Category Archives: Accessories

E-Reader Cover Tutorial

I finally did it. After reading using the Kindle app on my iPhone for over a year, and my Droid before that, I broke down and bought a Kindle. Amazon was offering a great deal on refurbished Kindle Fires. So, not only did I buy a Kindle, I bought THE Kindle. Of course it needed a case!

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Here is my case containing the Kindle Fire.

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I started by measuring my Kindle and it was just under 5 inches wide and 7.5 inches long.

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I added an inch to the sides (but in the future I would add 2 inches) to make both the lining and outer fabric 6 inches wide (make it 7 for a less tight fit) and 20 inches long (7.5 +7.5 for the length + 5 for the flap). I also used home decor fabric for the outside and 100% cotton flannel for the lining to prevent scratching.

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I used a quarter inch seam allowance and sewed the lining and outer fabric right sides together leaving one of the short ends open.

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I clipped the two corners that had been sewn and turned the fabric right side out.

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Press the lining and outer fabric, turning the fabric in, and edge stitch.

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Next, with my lining fabric facing out I placed my Kindle inside and decided how high I wanted my pouch to reach. I know I will probably throw my Kindle in my purse a lot, so I don’t want it to get scratched. I chose to have my edge go all the way to the top of my Kindle. I placed my edge stitched end at the top of my Kindle.

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I edge stitched up both sides to the top of the pouch and reversed a couple of stitches at both ends. Turn it right sides out and try the fit!

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Here is my Kindle inside the pouch. You could also use a button or Velcro closure if you would prefer. I just left mind loose.

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Here is the back. It is a quick and cheap Kindle cover made out of a few scraps.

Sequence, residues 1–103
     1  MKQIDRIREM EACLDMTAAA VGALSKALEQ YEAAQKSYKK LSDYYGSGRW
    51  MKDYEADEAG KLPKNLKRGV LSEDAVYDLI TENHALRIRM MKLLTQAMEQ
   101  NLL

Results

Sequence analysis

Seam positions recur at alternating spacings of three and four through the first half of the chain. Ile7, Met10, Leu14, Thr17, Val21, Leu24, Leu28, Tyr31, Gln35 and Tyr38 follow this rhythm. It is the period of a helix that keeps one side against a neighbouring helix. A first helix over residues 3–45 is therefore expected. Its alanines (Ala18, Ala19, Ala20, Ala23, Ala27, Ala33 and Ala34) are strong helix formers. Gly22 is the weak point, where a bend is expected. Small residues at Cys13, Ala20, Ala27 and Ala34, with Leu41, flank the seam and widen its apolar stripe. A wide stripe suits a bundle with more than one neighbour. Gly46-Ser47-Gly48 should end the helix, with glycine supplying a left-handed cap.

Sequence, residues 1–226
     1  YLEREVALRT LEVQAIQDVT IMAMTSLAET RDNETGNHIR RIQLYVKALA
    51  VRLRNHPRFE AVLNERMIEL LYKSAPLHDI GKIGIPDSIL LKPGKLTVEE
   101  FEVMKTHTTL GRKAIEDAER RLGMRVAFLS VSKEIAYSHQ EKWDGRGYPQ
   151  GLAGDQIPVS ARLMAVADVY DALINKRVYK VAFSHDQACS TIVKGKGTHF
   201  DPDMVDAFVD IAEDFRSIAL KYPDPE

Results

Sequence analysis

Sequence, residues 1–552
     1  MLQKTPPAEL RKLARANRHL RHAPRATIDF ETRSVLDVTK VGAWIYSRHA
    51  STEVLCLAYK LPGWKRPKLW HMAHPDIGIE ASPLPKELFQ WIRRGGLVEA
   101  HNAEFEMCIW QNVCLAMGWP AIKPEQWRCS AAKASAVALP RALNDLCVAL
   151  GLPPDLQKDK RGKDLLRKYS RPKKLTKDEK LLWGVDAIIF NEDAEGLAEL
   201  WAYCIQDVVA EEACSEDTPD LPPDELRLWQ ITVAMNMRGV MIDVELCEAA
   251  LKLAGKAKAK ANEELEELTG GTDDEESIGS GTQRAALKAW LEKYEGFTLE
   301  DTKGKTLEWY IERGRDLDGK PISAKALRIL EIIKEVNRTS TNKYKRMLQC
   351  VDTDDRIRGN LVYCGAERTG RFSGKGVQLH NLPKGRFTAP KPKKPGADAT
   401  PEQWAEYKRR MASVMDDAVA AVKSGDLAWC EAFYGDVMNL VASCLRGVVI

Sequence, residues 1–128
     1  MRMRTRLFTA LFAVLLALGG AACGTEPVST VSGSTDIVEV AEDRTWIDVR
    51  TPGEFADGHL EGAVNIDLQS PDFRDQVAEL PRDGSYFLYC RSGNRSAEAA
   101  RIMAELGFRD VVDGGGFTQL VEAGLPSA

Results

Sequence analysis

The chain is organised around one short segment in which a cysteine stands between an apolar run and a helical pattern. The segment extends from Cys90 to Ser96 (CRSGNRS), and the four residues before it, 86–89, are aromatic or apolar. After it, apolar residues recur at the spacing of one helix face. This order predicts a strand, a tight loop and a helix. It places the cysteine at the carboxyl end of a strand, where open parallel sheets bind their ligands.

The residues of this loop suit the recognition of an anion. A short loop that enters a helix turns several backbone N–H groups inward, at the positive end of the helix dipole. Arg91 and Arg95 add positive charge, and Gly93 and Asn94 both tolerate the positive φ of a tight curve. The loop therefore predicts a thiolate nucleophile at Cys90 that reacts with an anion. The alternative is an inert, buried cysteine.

Thanks for reading, and see more of my work at my blog.

Dog Bed Makeover

I absolutely love my dog. She is my best buddy and super assistant, but I’ll be honest. She has hideous taste in sleepwear. I buy her cute dog beds with shaping or cool designs and she just is not interested. This has been her go to for years now:

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It is a big pillow covered with lumberjack chic fleece with a zipper along the side. It is the cheapest dog bed ever. I bought it for $10 at Walgreen’s and it is all she uses. She also has it in tiger print in the bedroom. She totally pulls that one off, but the plaid one is in the living room and no longer matches my new super cute curtains. Now it looks like this:

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Still lumpy, but that is what she likes. At least now it is a great print that is the same color as my curtains. Here is how I did it.

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I wanted to reuse the zipper because it is so long, so I ripped it out.

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Like my new band-aid? Patrick from Sponge Bob Square Pants would like to remind us all that seam rippers are sharp. 🙂

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I got one yard of each of these to match my other home decor fabric. I love the chevrons, but decided to use the polka dot for her bed because I think it would show less dirt.

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I used a chenille for the bottom and just cut it about one inch bigger than the inner pillow of the bed.

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I cute my top fabric the same size as my bottom fabric.